The unpleasant results of a "brush" with poison ivy may last for days, weeks or months. Fortunately, taking care of poison ivy exposed laundry is simple.
Poison ivy, as well as poison oak and poison sumac, produces a resin called urushiol. This clear, sticky, oily resin can trigger immunologic responses that usually lead to a rash. Urushiol is found in every part of the poison ivy plant throughout the year and can remain active on dead and dried plants for 2-5 years. Unwashed clothing can still deliver active urushiol a year or two later.
Clothing protects your skin from direct contact with the urushiol, but it can be a source of contact later. If your clothes have been exposed to poison ivy, don't rub against others or touch the outside of your clothing with bare skin. And if you used gloves to pull out poison ivy, don't touch exposed skin or eyes with the gloves until they are washed.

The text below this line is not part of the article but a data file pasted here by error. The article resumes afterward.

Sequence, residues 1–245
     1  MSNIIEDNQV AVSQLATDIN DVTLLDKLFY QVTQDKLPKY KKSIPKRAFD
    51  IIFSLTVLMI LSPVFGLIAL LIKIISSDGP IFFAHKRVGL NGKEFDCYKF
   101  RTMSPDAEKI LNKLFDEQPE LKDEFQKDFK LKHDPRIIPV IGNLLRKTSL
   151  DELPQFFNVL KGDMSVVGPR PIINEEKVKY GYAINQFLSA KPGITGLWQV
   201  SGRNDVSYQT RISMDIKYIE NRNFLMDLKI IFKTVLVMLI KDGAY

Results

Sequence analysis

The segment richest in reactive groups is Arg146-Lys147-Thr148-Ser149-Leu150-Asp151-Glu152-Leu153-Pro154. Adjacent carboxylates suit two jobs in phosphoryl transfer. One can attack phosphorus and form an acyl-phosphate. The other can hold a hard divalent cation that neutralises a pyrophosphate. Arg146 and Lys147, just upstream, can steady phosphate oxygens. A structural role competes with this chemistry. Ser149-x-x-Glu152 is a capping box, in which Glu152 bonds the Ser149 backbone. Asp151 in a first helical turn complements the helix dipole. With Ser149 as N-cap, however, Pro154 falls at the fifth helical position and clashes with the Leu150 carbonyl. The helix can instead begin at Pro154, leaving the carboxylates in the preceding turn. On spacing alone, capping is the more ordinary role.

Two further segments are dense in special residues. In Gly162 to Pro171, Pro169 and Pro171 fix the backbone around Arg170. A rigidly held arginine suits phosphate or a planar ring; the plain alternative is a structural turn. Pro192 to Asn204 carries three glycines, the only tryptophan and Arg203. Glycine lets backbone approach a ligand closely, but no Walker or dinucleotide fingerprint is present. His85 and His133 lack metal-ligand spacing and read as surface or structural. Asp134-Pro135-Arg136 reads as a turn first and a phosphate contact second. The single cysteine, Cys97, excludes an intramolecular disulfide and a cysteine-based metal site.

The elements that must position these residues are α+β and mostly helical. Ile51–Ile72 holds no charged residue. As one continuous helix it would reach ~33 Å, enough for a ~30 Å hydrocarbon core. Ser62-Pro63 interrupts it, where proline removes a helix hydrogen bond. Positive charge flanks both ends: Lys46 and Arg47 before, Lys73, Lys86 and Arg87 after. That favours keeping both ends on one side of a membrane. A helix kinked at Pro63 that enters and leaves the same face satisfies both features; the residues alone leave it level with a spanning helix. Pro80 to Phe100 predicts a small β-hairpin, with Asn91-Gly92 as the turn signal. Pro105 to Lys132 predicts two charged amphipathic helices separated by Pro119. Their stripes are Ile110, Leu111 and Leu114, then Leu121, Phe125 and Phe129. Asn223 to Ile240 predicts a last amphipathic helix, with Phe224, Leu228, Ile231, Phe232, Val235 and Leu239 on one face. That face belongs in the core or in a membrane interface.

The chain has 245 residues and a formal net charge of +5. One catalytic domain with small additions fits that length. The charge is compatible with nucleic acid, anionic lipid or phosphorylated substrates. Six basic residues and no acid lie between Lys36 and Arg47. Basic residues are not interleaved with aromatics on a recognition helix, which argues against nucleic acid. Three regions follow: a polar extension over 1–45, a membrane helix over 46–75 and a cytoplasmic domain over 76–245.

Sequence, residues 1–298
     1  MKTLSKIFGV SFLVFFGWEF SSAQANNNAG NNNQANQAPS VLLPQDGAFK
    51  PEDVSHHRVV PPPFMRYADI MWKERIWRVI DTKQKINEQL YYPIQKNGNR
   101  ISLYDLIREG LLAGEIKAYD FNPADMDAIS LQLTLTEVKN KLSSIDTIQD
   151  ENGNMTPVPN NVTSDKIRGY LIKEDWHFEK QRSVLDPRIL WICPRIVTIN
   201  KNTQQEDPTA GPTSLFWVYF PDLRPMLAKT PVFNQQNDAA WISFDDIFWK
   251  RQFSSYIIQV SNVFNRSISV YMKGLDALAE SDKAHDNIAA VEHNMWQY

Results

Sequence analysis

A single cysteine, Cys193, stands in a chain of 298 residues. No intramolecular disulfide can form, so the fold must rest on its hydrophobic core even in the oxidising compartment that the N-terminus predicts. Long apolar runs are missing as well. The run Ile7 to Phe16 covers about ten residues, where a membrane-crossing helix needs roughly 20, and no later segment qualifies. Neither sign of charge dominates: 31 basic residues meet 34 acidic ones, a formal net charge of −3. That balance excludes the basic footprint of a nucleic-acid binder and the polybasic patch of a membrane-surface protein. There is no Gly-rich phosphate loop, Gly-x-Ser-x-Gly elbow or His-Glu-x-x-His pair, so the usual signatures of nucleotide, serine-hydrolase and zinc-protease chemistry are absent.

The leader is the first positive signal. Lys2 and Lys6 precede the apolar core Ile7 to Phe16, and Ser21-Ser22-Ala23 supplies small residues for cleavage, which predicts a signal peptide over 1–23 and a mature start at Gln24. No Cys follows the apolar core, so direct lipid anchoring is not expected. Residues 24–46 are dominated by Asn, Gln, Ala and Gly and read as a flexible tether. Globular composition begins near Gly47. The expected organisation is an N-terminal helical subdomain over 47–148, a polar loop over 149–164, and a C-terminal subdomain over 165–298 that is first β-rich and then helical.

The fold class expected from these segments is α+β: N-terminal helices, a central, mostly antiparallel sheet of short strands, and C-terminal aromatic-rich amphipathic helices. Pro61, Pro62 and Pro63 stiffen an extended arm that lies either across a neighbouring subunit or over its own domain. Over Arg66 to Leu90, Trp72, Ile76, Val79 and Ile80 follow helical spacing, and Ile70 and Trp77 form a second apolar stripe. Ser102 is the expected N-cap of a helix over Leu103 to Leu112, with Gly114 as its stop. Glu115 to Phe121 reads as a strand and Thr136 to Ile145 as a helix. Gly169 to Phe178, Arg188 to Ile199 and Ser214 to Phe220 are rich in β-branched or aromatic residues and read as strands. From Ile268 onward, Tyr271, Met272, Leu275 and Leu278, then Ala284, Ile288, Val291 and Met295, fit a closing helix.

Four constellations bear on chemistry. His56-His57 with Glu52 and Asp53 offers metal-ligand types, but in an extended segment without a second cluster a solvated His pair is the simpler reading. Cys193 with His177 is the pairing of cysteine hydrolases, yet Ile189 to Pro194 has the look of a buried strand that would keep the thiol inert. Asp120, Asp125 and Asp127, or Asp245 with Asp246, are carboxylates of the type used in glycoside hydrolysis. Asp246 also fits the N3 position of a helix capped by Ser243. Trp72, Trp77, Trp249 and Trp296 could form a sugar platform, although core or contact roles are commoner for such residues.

To remove urushiol and decontaminate clothing, wash with ordinary laundry detergent at the highest recommended water temperature. Do not overload the machine and allow clothes to agitate freely. The urushiol will be suspended in the water and will not transfer to unexposed clothing areas in the load.
If you're lucky enough to have someone else help with laundry be sure to tell them that you may have encountered poison ivy. It is best to handle the clothes while wearing rubber gloves or pick them up with a clean cloth to avoid direct contact.
If the clothing is dry clean only, be sure to tell the folks at the dry cleaner. They will appreciate the notice!
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